Learning to Code: Day 48 — Basic JavaScript Part 13

Hello all! Hope you are all keeping well, I took a little hiatus to get my head together with where-am-I-going-reconfiguration.. and I can now say I will be doing the Bootcamp I mentioned in the last post! I got accepted and it’s all a go go so I can’t wait to get onto that next month.

Righto, let’s dive back into JavaScript. I was actually working on a password creator the last few days but I seem to have worked myself into a web, I can’t quite figure out how to configure the goals I’m aiming for in terms of the JS lingo, so I’ll come back to it later. For now, let’s focus on more JS terminology and more basic principals.. Today we’ll finish up on operators and be taking a look into JavaScript Objects.

Thanks as always to FreeCodeCamp for these lessons.

Cast your minds back a bit, we had a big day of comparison operators such as “==” which always return a true or false value, however, this isn’t always used and instead people use an if/else statement which is longer to type out, when we can shorten the if/else statement as a comparison operator, for example:

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This can be shortened to:

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Note: We have removed the if/else statement completely and replaced it with a strict equality operator which in this case gives the same conditions of the if/else statement.

When the return statement is reached, the function is stopped at that point of the current function and control is returned to the calling function.

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From this exercise I had to carry out, as you can see the code will be stopped on line 4 because we come to our first return statement, and the following return statement on line 7 is not carried out.

Remember: We are using the logical Or operator on line 3 in the if statement’s condition where we say that a is smaller than 0 or (“||”) b is smaller than 0.

At last, we are onto something different! As we crash through our 70th chapter of JavaScript, we’re looking at objects, which are like arrays, but instead of being shaped inside square brackets of containing and index, they nicely structured information and can be about real-world objects, like a cat in this case:

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Note: There is also a cheeky little comma between the multiple property statements and the last property contains an array.

Important: The metadata within the objects are accessed through properties, which in full are read as “key:value” and appear within the curly brackets of the variable.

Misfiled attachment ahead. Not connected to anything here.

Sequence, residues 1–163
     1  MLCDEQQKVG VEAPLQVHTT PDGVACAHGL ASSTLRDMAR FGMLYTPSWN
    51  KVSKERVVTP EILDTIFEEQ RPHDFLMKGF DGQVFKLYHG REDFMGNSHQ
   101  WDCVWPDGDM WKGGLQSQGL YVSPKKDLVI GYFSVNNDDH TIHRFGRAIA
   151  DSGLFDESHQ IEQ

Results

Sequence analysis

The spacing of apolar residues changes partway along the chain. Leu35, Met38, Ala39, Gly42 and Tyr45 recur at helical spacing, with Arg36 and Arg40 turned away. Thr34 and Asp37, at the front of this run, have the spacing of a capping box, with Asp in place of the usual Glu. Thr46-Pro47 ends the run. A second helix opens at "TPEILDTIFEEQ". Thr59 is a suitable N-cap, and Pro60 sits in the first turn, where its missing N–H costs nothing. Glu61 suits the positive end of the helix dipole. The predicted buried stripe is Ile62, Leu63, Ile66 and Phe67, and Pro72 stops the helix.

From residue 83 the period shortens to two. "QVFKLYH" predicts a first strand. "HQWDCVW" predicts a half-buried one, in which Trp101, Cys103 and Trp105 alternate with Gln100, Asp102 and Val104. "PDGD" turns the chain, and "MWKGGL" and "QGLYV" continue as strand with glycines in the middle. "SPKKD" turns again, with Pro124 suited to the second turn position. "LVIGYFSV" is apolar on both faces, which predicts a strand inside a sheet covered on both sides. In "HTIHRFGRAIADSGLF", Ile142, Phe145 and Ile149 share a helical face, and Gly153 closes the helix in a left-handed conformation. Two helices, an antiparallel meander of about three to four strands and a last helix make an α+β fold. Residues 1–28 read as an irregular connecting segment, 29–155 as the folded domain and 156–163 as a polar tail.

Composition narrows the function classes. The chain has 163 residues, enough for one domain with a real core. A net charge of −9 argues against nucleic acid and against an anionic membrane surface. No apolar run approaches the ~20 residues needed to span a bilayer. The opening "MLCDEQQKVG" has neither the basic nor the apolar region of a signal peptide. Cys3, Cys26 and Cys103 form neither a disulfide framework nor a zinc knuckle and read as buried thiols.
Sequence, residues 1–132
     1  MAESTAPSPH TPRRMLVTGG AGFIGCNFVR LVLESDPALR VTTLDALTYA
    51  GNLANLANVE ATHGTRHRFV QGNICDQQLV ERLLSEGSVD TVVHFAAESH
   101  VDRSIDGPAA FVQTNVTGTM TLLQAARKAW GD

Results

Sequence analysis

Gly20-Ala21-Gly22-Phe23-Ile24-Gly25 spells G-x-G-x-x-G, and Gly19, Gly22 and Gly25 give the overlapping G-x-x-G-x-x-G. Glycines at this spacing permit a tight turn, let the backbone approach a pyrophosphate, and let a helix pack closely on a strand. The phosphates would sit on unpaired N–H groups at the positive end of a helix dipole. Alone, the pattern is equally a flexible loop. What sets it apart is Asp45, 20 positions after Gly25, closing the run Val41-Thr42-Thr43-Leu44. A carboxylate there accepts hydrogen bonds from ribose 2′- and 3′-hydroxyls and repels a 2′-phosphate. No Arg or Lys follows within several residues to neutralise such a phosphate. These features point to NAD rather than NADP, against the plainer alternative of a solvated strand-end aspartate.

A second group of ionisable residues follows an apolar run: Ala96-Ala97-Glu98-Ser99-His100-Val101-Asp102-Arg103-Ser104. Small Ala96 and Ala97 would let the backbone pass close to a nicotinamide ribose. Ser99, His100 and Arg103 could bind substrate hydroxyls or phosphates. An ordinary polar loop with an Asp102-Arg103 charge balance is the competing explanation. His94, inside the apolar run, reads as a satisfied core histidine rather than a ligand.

As we see, these properties above are all strings, but you can also use single words without quotes, or numbers:

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Note: JS typecasts the non-string properties of the objects as strings.

Just as we would move through an array with Bracket Notation to access it’s indices (for example the second entry of an array is arrayName[1], the third is arrayName[2] and so on), when we look at objects, we can either use Bracket Notation or Dot Notation.

Imagine how the postman finds your door from a postcard, he looks to the city, then the street, then the door. This path is like how Dot Notation works. We’re rounding in on something through several levels of focus, like so:

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Here, our two variables (or path to destination) prop1val and prop2val are achieved by going through the variable myObj, then the property key prop1 or prop2, to reach the property value val1 or val2.

myObj is like the city, prop1 is the street and val1 is the door. You follow me?

If the properties have a space in them for example “Space Name” (see example below) then use Bracket Notation:

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Note: Look at the quotes around the property names at the end, take note of what to use when there are spaces present or otherwise.

Yet another use of Bracket Notation on objects is to access a property key which is stored as the value of another variable. Take a look:

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Let’s work through this piece by piece. First we have the variable (or object) set to “dogs”. Then we have three keys associated to that object, those are Fido, Hunter, Snoopie. The value of each are “Mutt”, “Doberman” and “Beagle” respectively.

Next we set a variable myDog referring to the object property key “Hunter”. Remember that JS typecasts the properties as strings. Then we set the variable myBreed (which is what our ‘destination’, like the postcard analogy) which is a path of “dogs”(the object),myDog(which is the previously defined variable, and is not in quotes) and then we console.log (which means we “print the answer into the console”) the variable myBreed, which gives us Doberman, because that’s the destination seen in the preceding variable, which is now the revised path of dogs -> Hunter -> Doberman.

Another way to apply this thinking is when you collect the property’s name dynamically during the execution of the program:

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Note that we do not use quotes around the variable name when using it to access the property because we are using the value of the variable, not the name.

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As far as I know from the quote above, we don’t write someObj[“someProp”] like we did in the previous chapter “Bracket Notation with Objects”, as that points to the name of the variable someProp, here we’re referring to it’s value instead. *insert confused emoji*

Aaaand let’s call it there. That last one was a bit of a brain mush for me right now, I’m sure with time that’ll become more clear to understand, but for now it’s too fresh! Catch ya next time!

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